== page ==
Posts Tagged ‘community service’

You Can Never Outgrow Your Need For Purpose

August 13th, 2010
posted by at 4:47 pm

As you get older, it sometimes seems that there are fewer things to learn. No more school. You know your job like the back of your hand. You play the same games on the computer.

Well, I recently had an opportunity that taught me much about life outside the United States. And it opened my eyes to the reality that there is SO much I still don’t know.

Murali and I recently returned from a trip to Kenya. Besides the safari – which was absolutely fantastic – we spent some time visiting with people involved in projects we’ve partnered with as part of the non-profit that we built, Friends Unite.

We went to Kibera, outside Nairobi, which is one of the largest slums in the world. There we met with officials from Carolina for Kibera. This UNC Global initiative, is a non-profit organization that has set an exemplary model for how just a few people can create astounding change for those in need.

They showed us some of their youth programs, and then took us to the medical center they started. It has since been taken over somewhat by a larger non-profit, but that is exactly what we’d like to do – start programs that are so successful they become self-sustaining. The building itself is a clean, sturdy, shining beacon in the midst of overwhelming poverty. The people, dedicated professionals with optimism beyond compare.

We also drove out to Kilisa, a small village a few hours east of Nairobi (in the US, it wouldn’t have taken a few hours, but we’ll talk about Kenyan highways some other time!) to meet with the Kilisa Village Development Community (“KVDC”). What they’ve accomplished already, and what they’ve planned for the future, is remarkable. With so few resources, they’ve managed to redirect their path from one of stagnant poverty which would be expected in an area like this. Instead, they are now on one with the potential for education, enterprise, and sustainable growth.

So what did I learn? Sometimes community-based change does not have to take a government, or years of political negotiating. Water can be found and harnessed from underneath a dry riverbed. A school full of children with a desire to learn does not need a playground, projectors, or even many books. And…. we are very lucky to live in a country with natural resources that allow us to concentrate on more than just survival.

Check out the video of our trip to a school in Kilisa, that our colleague Jessica Coscia produced.

Asante sana!

We Are The World

March 11th, 2010
posted by at 7:33 pm

In a day and age where selfless philanthropy is rare, I am moved by my employer, Bashyam Spiro LLP – Immigration Law Group, for moving so quickly to support the Haiti earthquake relief efforts. Soon after the disaster in Haiti, we hit the ground running to respond to this humanitarian crisis by providing important guidance on obtaining Temporary Protected Status for Haitians through our Immigration Minute web video segment, we also shared this information via our e-newsletter and our colleague, Pam Prather, led the charge in making hygiene kits for the United Methodist Committee On Relief (UMCOR).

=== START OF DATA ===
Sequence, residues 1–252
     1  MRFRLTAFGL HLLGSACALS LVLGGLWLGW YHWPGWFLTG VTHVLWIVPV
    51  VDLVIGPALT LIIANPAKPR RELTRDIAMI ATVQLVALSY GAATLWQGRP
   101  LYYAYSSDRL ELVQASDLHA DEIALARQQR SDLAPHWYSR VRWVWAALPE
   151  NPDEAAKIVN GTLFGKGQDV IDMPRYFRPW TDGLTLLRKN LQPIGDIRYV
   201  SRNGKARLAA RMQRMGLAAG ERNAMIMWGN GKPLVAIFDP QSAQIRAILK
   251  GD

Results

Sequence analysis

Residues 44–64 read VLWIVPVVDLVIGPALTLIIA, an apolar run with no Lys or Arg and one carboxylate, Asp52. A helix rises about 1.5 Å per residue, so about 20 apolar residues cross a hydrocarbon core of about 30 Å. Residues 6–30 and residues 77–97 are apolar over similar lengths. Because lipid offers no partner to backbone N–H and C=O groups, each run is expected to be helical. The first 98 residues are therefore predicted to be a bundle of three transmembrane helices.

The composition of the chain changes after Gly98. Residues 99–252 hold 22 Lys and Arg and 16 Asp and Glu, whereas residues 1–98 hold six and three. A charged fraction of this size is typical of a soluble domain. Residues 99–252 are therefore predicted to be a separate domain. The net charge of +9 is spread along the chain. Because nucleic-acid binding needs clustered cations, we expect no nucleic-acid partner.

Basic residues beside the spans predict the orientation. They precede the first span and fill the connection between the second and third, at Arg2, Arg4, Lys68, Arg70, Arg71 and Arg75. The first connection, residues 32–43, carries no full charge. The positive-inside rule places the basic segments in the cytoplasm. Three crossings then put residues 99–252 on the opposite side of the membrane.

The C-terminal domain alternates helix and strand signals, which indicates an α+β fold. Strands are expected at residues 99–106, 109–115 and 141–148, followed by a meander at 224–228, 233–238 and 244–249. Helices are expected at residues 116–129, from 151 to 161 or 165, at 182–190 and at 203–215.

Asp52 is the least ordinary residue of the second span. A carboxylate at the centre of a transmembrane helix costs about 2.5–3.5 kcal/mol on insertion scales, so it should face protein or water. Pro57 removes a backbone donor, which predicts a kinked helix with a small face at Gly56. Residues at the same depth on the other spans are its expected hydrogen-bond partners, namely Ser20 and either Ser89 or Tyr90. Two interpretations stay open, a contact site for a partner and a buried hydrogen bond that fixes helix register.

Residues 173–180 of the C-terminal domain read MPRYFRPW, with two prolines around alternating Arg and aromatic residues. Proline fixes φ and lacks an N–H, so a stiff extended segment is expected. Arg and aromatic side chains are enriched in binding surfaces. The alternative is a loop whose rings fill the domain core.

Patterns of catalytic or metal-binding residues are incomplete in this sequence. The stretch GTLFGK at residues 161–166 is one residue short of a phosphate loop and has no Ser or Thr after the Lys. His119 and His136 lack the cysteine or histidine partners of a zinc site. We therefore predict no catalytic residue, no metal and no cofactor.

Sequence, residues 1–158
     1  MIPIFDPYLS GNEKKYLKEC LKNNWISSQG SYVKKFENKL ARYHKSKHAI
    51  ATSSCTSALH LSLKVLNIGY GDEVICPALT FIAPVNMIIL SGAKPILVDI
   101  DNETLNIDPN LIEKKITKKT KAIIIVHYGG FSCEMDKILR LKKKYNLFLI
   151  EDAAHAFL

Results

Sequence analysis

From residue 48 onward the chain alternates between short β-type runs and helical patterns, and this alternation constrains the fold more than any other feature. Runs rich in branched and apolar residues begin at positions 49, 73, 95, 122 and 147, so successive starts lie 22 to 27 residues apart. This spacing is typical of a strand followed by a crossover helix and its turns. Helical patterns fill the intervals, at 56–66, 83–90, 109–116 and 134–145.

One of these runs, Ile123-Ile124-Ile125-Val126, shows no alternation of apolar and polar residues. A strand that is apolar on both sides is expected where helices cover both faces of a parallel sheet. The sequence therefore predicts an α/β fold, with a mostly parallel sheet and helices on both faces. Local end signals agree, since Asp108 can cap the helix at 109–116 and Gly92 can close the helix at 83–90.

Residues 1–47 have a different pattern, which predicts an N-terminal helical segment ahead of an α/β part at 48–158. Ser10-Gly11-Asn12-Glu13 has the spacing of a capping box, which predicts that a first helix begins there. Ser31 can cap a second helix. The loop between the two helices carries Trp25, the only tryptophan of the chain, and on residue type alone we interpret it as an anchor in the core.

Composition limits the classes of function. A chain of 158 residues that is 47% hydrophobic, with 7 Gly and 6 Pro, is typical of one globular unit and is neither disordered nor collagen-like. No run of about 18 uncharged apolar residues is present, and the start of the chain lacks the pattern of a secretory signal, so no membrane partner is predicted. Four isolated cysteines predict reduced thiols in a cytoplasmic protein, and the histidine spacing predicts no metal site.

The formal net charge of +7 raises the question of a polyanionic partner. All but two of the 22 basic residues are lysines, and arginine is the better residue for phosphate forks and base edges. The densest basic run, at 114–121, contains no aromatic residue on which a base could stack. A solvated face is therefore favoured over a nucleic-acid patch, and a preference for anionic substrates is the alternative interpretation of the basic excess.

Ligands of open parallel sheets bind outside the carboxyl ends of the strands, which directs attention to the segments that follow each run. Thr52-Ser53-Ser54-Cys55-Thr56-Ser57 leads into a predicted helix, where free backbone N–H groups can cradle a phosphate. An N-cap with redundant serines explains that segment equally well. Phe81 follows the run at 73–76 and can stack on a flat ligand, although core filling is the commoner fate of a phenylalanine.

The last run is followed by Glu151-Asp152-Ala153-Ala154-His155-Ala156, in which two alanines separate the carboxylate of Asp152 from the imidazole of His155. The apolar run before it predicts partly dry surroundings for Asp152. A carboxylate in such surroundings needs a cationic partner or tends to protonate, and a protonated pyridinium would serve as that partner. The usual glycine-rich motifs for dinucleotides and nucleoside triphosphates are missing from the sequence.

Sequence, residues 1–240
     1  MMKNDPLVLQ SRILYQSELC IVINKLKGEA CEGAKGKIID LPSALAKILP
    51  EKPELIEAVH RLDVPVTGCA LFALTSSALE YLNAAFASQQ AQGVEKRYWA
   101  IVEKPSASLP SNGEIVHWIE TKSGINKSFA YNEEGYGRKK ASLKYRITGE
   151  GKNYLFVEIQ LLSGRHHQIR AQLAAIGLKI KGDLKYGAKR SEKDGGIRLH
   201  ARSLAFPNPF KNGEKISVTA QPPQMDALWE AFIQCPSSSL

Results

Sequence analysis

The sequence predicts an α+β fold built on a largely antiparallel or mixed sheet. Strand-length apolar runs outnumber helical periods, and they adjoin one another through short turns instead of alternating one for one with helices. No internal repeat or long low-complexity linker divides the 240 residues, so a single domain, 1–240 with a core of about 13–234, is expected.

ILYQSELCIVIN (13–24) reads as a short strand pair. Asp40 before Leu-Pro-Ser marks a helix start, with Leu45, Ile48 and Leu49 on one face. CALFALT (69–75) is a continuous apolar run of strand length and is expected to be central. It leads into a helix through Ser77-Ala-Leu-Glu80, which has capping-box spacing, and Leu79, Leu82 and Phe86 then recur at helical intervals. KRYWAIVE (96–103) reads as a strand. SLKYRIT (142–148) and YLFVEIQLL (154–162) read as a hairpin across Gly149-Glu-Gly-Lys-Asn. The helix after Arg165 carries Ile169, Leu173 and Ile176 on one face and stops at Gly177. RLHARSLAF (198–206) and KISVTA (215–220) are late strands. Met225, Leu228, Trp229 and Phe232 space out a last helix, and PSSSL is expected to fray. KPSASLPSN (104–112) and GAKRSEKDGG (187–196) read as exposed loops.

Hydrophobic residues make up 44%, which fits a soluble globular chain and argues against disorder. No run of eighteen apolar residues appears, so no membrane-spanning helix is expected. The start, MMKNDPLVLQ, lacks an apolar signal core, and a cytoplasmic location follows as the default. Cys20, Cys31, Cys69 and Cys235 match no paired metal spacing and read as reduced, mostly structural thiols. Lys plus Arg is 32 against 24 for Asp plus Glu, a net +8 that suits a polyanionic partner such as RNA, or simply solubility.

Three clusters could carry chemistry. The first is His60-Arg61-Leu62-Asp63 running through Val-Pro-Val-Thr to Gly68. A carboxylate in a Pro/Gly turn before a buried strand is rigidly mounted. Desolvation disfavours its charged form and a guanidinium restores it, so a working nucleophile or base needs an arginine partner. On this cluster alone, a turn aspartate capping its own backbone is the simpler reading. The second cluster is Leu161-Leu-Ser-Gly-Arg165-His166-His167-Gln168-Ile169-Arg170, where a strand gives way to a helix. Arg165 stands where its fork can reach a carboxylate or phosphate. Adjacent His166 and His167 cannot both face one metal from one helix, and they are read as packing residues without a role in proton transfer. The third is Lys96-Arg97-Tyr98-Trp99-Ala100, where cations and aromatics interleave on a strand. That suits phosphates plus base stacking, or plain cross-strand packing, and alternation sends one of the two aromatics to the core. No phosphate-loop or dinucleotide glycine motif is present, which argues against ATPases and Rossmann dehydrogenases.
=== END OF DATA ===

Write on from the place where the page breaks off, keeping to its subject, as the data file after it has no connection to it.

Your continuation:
Today’s technology has greatly changed the way people give in a crisis. Through mediums like television, mobile phones and the Internet millions have been raised for Haiti, in only a matter of seconds, by texting and tweeting, on social networking sites and by way of personal Web pages.

I know of a number of other law firms and businesses who have also pledged their support to this worthy cause and I salute them. When faced with a disaster of this magnitude, every little bit-large or small-counts.

I sell this type of social action year-round by explaining what volunteering can do for the soul beyond what it can do for society. In a world that can sometimes seem so shallow this kind of showing of philanthropy puts everything into perspective.

As a long time community volunteer and advocate, I am proud to be a part of a group of colleagues who share my passion for helping others.

Our involvement doesn’t stop in Haiti,  several years ago the firm began to help with the significant influx of Montagnards from Vietnam, by working with The Montagnard Human Rights Organization, a non-profit that provides immigration services to refugees in North Carolina. They have since expanded to serving refugees from many different nations.  We’ve had a close and mutually beneficial relationship for several years now, with our attorneys and paralegals logging many pro bono hours on their behalf, as well as on behalf of many of their individual clients.

Members of the law firm have also formed a charity to help people in need around the world.  Called Friends Unite, the organization’s 501(c)(3) charitable mission is to provide funding and support for the advancement of education, health services and other basic necessities, such as food, water and shelter, which are often compromised by poverty.

Our Managing Partner, Murali Bashyam serves on the Board of Directors of the Tammy Lynn Center for Developmental Disabilities.  The Foundation operates the Tammy Lynn Center for Developmental Disabilities, which offers educational, residential and family support services to nearly 400 children and adults with special needs

 We have created this Philanthropy link on our web site to keep you informed on what charities we are currently working with and support.  If you wish to get involved with us in any of these charitable organizations, please let us know.  We would love to have your help and support.

Written by: Jessica Coscia